If I were a betting man — and I am — my money would be on the residential and commercial geothermal tax credits not being renewed. These tax credits, which have been in place since 2008, are set to expire at the end of the year.

This has been a hot topic in the industry for some time now. I consistently get emails from both contractors and consumers wondering if I have any inside information on this topic. The truth is, I don’t, but the longer this drags out, the more it looks like a Peanuts cartoon with the government being Lucy and the geothermal industry assuming the position of Charlie Brown.

The geothermal folks have been working hard on this for years, and they have come close recently, twice. In December, when the Omnibus bill was passed, a deal was struck, but, as the dust settled, the solar industry got its tax credits extended while the geothermal folks were left out in the cold. At the time, both Republicans and Democrats said this was simply a “drafting error” and that they would soon get to that unfinished business of including geothermal.

The most recent pulling away of the football came with the Federal Aviation Administration (FAA) reauthorization bill, which passed with no amendments — including one that would have extended the geothermal tax credits for an additional five years. According to reports, Democrats had threatened to block the entire bill if it did not include the tax credits but backed down when it became clear that Republicans would not play ball after numerous conservative groups called on them to stand tough.

“Americans oppose corporate welfare, and they’re tired of lawmakers handing out special benefits to the well-connected,” said Andy Koenig, senior policy advisor with Freedom Partners, a conservative think tank. “When Washington tries to bury billions in special interest giveaways into any legislation, Freedom Partners will continue to shine a spotlight on it. Congress is right to reject this backroom deal and move ahead with a clean FAA extension.”

Of course, the geothermal industry did not agree.

“Congress missed an important and timely opportunity to achieve parity among renewable energy tax incentives and to advance an important technology,” said Doug Dougherty, CEO and president, Geothermal Exchange Organization (GEO).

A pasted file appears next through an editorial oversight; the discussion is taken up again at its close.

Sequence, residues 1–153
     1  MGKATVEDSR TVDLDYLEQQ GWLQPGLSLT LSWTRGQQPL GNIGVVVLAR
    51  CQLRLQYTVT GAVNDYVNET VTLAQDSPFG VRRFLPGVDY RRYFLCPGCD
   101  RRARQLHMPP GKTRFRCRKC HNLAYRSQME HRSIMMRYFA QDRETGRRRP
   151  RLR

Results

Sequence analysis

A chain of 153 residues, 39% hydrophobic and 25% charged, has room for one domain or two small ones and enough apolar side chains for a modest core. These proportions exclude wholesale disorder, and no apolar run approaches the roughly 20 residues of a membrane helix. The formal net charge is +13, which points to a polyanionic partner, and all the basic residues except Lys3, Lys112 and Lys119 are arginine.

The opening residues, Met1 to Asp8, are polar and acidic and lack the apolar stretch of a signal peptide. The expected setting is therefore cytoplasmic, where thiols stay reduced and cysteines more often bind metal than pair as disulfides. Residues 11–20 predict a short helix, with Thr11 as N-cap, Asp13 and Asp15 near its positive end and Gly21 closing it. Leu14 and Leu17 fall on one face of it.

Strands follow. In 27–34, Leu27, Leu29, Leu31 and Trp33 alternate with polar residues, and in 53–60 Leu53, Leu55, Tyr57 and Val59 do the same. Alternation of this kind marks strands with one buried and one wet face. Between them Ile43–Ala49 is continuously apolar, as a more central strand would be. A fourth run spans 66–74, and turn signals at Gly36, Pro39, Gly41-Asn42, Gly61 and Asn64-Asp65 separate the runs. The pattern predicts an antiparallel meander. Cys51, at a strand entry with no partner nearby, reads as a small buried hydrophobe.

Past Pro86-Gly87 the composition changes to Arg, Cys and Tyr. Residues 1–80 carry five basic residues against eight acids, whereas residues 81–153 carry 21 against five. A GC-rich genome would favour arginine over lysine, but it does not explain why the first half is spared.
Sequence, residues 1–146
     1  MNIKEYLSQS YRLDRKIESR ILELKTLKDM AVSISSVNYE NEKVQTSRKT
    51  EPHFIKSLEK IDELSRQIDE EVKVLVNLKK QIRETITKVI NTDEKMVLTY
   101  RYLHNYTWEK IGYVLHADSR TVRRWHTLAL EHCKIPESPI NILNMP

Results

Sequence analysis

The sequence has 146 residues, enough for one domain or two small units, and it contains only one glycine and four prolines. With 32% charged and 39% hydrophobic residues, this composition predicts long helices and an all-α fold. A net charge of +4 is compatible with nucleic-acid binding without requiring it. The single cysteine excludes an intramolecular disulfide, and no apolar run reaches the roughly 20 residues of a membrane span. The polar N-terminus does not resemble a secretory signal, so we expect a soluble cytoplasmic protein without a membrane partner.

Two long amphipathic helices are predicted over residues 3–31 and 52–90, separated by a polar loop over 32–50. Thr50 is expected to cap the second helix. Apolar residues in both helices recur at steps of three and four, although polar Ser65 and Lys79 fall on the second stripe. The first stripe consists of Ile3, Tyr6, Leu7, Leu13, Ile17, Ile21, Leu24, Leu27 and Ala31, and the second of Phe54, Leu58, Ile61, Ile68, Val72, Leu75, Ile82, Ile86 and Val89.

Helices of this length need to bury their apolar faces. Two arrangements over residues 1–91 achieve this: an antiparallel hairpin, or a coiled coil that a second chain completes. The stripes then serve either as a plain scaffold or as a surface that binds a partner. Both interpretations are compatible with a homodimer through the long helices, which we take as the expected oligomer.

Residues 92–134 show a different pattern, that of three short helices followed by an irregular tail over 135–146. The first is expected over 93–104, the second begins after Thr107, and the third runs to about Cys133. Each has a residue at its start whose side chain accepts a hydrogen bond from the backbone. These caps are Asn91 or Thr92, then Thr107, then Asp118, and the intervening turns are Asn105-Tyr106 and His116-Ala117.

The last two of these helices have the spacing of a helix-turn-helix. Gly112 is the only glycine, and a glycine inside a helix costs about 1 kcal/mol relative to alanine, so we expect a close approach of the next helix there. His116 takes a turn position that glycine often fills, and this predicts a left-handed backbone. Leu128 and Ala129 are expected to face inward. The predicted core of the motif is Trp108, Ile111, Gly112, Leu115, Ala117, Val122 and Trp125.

Of course, each side of the aisle blamed the other and said something could be worked out in the future. However, if I were a geothermal contractor, I would be running my business under the assumption that this is the last year for those credits.

And, while that is not necessarily a good thing, it does not need to be devastating. As I was told by a geothermal manufacturer earlier this year, “We were here way before the tax credits and we will be here long after.”


I do not blame groups like GEO for keeping up the fight. That is their job, and you never know which effort will be the one that accomplishes the goal. However, contractors need to be a bit more realistic.

This is an election year, which always leads to even less being accomplished in Washington than normal. A heavy supply of gridlock will likely be served throughout the remainder of 2016.

One silver lining is that, for the remainder of 2016, contractors can sell by telling homeowners to make the purchase now because it will get more expensive starting in 2017. This has been done somewhat successfully by the industry whenever a new efficiency standard approaches. Contractors can, and should, tell their customers it will never be cheaper to install a geothermal unit.

The expiration of the tax credits can also raise the level of the industry. A lot of people decided to get into geothermal after the tax credits were enacted because they saw a good opportunity to make money. Some were very good at installing geothermal equipment while others were not. It stands to reason the individuals who were merely striking while the iron was hot could be off to the next item. It is a good guess that these folks were not trained on the equipment quite like those who were taking the technology very seriously. This would leave quality contractors who know what they are doing to continue in the market.

However contractors choose to approach this, they need to deal in reality.

Publication date: 5/9/2016

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